Paylaş | 14 February 2024

A swearing-in ceremony for the newly-elected Justice, Mr. Yılmaz Akçil, was held at the Grand Tribunal Hall of the Constitutional Court.

The ceremony was attended by President of the Republic of Türkiye Mr. Recep Tayyip Erdoğan, Speaker of the Turkish Grand National Assembly Mr. Numan Kurtulmuş, President of the Council of State Mr. Zeki Yiğit, Minister of Justice Mr. Yılmaz Tunç, members of the high judiciary, and other distinguished guests.

Delivering his speech following a moment of silence and the playing of the Turkish National Anthem, President Arslan congratulated Mr. Akçil on his new appointment and wished him success in his new role. He expressed his hope that Mr. Akçil’s tenure as a justice would be auspicious for himself, his family, the Constitutional Court, and the nation.

Pacta sunt servanda is an indispensable moral and legal principle for societal and state life.”

Noting that the swearing-in, in one sense, signified the act of making a pact and concluding a treaty, necessitating adherence to the pacta sunt servanda principle, President Arslan stated, Pacta sunt servanda, which means that promises must be fulfilled, is an indispensable moral and legal principle for societal and state life. In fact, the stability of the State is predicated on the protection of the constitution, regarded as a social contract, and the fundamental rights and freedoms that constitute its raison d’être, ultimately depending on the realisation of the pacta sunt servanda principle.”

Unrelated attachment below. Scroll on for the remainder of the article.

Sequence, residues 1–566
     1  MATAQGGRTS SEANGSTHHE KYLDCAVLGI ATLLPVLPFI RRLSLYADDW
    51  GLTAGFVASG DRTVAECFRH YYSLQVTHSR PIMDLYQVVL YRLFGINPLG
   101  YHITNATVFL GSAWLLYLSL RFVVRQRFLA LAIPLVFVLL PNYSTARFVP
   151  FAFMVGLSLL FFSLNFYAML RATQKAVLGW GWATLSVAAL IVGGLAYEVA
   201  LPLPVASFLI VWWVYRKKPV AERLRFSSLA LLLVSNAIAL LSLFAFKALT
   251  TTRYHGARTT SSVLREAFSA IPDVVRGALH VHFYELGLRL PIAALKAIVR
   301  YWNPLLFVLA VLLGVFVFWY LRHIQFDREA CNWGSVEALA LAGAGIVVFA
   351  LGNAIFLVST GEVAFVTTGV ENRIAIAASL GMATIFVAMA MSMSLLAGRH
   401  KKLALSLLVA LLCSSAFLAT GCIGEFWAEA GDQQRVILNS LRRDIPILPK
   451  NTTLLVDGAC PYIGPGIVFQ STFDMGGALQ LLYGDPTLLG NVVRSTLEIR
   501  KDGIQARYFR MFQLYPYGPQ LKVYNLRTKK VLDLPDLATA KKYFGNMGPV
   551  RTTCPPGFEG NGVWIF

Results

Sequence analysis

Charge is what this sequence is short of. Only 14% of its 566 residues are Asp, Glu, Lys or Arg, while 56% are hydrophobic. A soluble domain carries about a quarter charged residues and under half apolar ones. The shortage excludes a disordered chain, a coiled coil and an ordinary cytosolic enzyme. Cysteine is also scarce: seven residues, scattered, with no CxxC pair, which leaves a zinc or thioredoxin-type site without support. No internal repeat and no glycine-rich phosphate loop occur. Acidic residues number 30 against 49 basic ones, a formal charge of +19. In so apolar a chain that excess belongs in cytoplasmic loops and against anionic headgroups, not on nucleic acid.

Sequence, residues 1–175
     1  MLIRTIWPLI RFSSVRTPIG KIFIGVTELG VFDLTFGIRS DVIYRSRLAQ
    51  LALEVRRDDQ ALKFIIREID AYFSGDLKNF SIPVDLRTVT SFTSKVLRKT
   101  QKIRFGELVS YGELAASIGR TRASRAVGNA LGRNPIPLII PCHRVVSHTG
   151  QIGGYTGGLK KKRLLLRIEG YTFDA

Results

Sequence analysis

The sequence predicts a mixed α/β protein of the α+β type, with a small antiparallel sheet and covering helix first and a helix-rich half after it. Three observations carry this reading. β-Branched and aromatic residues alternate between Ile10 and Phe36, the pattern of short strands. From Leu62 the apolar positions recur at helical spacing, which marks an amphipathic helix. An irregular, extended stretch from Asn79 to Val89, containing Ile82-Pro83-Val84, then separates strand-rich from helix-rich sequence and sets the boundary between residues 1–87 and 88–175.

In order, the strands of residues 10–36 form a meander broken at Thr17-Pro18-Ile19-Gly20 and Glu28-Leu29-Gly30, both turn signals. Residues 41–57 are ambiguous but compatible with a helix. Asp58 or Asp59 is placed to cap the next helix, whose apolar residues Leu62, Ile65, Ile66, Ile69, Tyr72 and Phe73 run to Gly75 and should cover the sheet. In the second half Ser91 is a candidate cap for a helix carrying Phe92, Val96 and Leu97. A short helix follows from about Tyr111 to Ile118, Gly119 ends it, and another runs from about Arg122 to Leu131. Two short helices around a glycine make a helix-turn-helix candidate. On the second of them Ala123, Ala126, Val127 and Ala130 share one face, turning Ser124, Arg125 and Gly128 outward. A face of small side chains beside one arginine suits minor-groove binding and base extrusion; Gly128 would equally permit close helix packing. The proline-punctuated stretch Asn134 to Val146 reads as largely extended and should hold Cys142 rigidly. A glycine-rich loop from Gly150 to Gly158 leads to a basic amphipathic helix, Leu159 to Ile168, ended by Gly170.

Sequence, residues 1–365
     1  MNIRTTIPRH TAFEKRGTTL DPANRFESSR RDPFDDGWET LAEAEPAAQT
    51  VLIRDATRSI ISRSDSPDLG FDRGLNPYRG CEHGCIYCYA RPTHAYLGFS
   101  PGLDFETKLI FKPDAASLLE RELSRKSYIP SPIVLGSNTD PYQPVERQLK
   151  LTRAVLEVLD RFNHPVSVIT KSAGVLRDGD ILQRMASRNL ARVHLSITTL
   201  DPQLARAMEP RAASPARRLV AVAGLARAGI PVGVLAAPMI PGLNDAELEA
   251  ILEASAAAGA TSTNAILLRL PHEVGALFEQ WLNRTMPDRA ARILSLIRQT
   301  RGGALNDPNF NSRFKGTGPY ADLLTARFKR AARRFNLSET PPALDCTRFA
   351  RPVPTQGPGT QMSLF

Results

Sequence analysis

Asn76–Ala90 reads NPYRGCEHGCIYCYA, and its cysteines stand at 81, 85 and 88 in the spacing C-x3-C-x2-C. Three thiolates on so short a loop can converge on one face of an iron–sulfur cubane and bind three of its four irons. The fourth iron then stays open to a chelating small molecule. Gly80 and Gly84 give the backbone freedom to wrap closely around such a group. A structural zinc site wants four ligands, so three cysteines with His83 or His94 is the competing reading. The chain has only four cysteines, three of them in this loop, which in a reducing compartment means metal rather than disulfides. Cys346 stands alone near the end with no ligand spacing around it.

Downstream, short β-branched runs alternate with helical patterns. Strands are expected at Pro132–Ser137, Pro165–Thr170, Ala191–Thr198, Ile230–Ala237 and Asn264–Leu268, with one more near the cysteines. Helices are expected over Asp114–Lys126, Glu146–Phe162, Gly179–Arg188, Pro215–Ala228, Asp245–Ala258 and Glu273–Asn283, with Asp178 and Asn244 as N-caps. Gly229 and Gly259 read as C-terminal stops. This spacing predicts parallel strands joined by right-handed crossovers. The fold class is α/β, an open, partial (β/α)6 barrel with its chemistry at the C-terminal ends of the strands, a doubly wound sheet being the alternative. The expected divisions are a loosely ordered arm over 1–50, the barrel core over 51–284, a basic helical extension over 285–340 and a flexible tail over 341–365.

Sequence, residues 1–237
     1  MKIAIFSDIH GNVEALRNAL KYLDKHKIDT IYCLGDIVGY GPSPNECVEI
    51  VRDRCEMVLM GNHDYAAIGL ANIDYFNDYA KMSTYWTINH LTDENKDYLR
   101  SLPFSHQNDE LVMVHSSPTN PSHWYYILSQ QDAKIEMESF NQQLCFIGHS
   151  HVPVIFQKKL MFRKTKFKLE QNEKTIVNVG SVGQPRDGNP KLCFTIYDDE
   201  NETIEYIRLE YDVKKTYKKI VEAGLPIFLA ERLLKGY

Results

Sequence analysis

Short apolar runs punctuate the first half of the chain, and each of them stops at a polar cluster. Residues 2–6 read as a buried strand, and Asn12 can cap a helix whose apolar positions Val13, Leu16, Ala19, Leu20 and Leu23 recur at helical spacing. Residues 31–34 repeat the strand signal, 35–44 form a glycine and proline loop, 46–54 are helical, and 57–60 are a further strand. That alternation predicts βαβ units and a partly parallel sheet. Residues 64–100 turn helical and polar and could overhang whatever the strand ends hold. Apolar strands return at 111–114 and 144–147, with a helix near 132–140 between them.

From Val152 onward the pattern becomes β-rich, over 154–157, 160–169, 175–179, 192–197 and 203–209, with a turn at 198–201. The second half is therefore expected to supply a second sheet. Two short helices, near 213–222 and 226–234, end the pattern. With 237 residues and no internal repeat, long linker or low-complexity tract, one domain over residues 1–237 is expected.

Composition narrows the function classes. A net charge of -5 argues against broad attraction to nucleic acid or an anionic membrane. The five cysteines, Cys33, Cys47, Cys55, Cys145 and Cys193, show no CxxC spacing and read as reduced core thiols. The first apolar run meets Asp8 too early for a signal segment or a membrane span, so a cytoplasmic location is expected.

Indicating that the robes worn upon taking office as a judge represented justice and the significant responsibility it entailed, President Arslan highlighted the public’s belief that beneath these robes, justice would be administered properly, any injustices would be remedied, and disputes would be resolved without conflict. He added, “Our robes symbolise the public’s trust in justice. Upon swearing our oath, it is our duty to refrain from any actions that might erode this trust, upholding our commitment to the pacta sunt servanda principle.”

“Individual application is one of the greatest reforms in Turkish judicial history.”

President Arslan remarked that the Constitutional Court adopted a rights-based approach in interpreting the Constitution, in line with the objectives set forth by the constitution-maker, and contributed to the resolution of numerous longstanding legal issues through its decisions/judgments. In this sense, he indicated that the Court had so far rendered hundreds of thousands of decisions/judgments on rights and freedoms falling under the scope of the individual application mechanism, including but not limited to right to life, freedom of expression, right to property, and freedom of association, without bias towards the identity of the applicant. He further expressed “These decisions/judgments have significantly fulfilled the intended function of the individual application mechanism in addressing issues within our national legal order, as envisioned by the constitution-maker.”

“Individual application is not an appellate remedy.”